This might have been made possible, ironically, by bitcoin core’s (BTC) appreciating price since losses first surfaced. As Mr. Kelman explains, “That’s the main reason. At the initial creditor meetings at Tokyo District Court, the creditors demanded the trustee return bitcoins as bitcoins. Until then he was intent on selling them, but he agreed to look into it. The Coinlab case stalled everything for a couple years and creditors ended up in the 2017 bull market as a massive hodler, until the trustee started market selling in January this year, greatly contributing to the current bear market.”

Mt. Gox Creditors' Legal Victory: "Enormous Assets" to be Returned

Might Be a Chance for Those Who Have Yet to File Claim

The victory post was careful to emphasize how “this victory has not been realized yet.  The victory will come to creditors when Mt. Gox makes payment to creditors and creditors actually receive such payment.” It will take at least three additional steps, today’s post insists, to get there: “promptly realize creditors’ rights […], [approval] at the creditors’ meeting, and [finally approval] by the court.”

For those who lost BTC in the Gox affair but haven’t yet filed a claim, Mr. Kelman muses “there might be another chance to file in rehab. Stay tuned. We are trying to avoid having to redo the whole claims process, which will cost money, take time and be at the expense of the creditors who timely filed. But things will still take a while as there is the Coinlab case to grapple with still.”

One possible side benefit might be the market fluctuations caused by the Gox Trustee dumping coins. Mr. Kelman noted in a Tweet, “Trustee won’t be market selling again any time soon. Our motion worked.”

What are your thoughts on Mt. Gox? Let us know in the comments. 


Images via the Pixabay and Mtgoxprotest.com. Daniel Kelman first brought this to our attention.


Verify and track bitcoin cash transactions on our BCH Block Explorer, the best of its kind anywhere in the world. Also, keep up with your holdings, BCH and other coins, on our market charts at Satoshi Pulse, another original and free service from Bitcoin.com.

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Only a Third of the Richest Informed on Bitcoin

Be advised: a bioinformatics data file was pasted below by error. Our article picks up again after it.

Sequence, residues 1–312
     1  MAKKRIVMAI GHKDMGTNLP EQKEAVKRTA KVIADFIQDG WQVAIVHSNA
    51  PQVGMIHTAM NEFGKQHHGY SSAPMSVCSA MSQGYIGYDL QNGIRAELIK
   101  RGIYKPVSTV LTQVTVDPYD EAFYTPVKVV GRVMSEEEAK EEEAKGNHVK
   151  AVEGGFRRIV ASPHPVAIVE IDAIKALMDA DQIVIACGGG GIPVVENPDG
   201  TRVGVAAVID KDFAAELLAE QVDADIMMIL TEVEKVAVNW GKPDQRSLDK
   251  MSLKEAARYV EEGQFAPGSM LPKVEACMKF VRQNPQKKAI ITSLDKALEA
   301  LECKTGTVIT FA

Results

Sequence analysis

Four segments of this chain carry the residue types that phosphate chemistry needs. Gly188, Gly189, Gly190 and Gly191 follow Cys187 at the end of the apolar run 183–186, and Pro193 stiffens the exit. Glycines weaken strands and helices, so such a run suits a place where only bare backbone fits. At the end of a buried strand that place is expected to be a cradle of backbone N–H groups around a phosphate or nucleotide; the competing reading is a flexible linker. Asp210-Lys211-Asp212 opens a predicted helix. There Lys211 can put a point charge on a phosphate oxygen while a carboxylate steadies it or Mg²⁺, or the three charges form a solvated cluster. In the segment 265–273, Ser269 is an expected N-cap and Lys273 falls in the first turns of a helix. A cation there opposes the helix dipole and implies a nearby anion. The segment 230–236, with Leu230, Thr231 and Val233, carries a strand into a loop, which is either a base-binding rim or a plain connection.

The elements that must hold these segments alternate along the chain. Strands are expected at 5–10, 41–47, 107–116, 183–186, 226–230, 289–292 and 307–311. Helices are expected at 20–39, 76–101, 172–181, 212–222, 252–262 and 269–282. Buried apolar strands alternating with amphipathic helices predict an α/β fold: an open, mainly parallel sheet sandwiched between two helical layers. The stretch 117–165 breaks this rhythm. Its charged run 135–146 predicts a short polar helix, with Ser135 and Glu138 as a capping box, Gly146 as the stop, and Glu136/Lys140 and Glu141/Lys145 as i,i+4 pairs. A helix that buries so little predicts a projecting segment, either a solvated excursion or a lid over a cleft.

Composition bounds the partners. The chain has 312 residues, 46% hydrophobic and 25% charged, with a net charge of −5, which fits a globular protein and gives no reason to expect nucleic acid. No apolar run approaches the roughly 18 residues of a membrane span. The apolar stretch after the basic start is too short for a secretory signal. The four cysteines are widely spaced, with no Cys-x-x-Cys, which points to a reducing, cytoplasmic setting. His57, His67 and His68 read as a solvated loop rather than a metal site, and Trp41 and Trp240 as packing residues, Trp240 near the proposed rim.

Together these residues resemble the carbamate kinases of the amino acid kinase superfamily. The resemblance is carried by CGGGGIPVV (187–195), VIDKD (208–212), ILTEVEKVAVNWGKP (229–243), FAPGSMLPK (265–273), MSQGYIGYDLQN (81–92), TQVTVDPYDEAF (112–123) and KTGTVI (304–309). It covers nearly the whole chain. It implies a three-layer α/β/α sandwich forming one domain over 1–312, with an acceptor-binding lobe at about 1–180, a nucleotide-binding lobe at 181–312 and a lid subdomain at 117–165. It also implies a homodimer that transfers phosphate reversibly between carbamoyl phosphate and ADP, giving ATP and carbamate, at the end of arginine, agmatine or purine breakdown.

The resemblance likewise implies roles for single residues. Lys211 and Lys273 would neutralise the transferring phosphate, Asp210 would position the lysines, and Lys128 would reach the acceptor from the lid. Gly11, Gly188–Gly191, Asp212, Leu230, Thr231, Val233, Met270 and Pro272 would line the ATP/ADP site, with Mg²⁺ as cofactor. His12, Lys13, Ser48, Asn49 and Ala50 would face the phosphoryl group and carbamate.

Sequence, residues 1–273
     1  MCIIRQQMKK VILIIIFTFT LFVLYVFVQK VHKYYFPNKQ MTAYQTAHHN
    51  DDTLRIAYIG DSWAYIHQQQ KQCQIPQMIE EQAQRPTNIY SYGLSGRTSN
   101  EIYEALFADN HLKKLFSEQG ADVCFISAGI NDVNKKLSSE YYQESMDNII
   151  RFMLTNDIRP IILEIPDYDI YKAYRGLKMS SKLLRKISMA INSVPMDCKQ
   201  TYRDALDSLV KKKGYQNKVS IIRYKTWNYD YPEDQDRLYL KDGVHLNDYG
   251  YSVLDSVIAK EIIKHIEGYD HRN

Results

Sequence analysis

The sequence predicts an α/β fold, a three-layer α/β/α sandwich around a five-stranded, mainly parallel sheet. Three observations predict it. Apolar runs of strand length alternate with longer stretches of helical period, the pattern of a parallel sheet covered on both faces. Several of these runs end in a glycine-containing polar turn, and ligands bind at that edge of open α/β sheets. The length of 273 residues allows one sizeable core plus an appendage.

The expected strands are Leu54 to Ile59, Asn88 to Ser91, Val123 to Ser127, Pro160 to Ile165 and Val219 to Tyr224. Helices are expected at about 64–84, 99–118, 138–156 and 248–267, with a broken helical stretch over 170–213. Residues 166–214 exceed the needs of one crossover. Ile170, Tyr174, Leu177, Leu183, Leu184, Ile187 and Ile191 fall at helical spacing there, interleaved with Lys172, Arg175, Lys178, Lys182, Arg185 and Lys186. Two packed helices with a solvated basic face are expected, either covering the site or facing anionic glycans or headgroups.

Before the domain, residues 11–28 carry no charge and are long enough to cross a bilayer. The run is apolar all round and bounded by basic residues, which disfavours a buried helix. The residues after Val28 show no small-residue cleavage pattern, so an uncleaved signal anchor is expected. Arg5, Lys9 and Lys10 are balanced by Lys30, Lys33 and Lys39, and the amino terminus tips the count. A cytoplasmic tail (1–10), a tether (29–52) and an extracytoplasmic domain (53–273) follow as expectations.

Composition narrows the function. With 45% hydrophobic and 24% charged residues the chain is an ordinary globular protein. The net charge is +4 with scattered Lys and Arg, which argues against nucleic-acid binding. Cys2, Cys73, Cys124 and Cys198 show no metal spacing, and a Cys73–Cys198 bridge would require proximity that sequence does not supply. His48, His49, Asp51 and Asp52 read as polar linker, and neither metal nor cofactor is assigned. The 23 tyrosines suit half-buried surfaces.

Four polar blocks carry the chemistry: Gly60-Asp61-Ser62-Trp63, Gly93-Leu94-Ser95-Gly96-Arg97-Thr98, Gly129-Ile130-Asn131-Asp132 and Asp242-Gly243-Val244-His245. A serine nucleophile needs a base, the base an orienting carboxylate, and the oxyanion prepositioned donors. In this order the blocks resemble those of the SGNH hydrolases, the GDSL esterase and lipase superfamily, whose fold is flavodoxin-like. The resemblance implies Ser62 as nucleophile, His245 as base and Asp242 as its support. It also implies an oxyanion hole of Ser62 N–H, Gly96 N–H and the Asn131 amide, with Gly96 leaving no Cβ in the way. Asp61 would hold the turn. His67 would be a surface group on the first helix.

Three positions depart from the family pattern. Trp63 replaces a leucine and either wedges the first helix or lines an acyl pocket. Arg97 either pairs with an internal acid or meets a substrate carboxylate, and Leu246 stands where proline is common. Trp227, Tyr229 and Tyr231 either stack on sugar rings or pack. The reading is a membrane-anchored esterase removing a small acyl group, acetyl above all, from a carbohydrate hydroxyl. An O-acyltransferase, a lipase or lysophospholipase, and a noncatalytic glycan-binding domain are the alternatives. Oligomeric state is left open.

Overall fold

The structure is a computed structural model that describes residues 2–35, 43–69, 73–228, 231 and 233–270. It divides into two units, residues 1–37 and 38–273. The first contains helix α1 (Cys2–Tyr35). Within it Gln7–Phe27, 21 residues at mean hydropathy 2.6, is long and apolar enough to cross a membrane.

Only a Third of the Richest Informed on Bitcoin

Despite seeing their investment return above 20% in 2017 for two consecutive years, the richest people in the world say they are not fully satisfied with their asset managers and want to learn more about crypto.

Also read: At Least $20 Billion in Crypto Investment Awaits Custody Streamlining, Approval

Only a Third of the Richest Were Informed on Crypto

The collective wealth of the world’s millionaires went up to US$70 trillion for the first time, and they will have amassed US$100 trillion by 2025, a survey released earlier this week revealed. The Capgemini World Wealth Report 2018 found that rich people are increasingly interested in cryptocurrencies, but only about half of them are happy with their wealth managers, Reuters reported. Only a third of these millionaires said they got information about cryptocurrencies from their asset managers.

Twenty nine percent of these “high net wealth individuals,” (HNWIs) defined by the Capgemini investigation reportedly expressed a high interest in buying or holding cryptocurrencies, and twenty seven percent said they were just overall interested in the topic. Although the general public is still skeptical about cryptocurrencies like bitcoin, an increasing amount of people express a wish to understand it better.

Only a Third of the Richest Informed on Bitcoin

“I am surprised how many of my younger friends are now involved with cryptocurrencies. I wanted to buy some myself, but I don’t understand it well enough to make major investments,” a business woman in Tokyo said. Sally Young (34), who already made millions in real estate investments in the U.S. and in the Philippines, says she is reluctant to invest in crypto at the moment because she doesn’t know enough about them. “When I invest my money, I need to know exactly what I’m investing in,” she said. “With bitcoin, it seems way too difficult to understand how the system really works, and the stories I hear just sound too good to be true,” she explained.

The Bank for International Settlements (BIS), which is the coordinating agency for the world’s central banks, is by definition conservative. In its 2018 annual report released on June 17th, the agency said that “Bitcoin and other cryptocurrencies are a poor substitute for dollars, euros and other central bank-backed [currencies], because they don’t scale with growing demand, require excessive amounts of energy and fluctuate greatly in value.”

Report: Richest Young People Want Crypto

In a recent analysis, the BIS also said that digital coins “come up short on all three measures of usefulness as currency,” Reuters reported. “Their prices can fluctuate wildly, making them poor substitutes for fiat currencies for transactions, which require relative stability for price comparison. For similar reasons, they fall short for investing purposes because they cannot be relied upon a store of value.”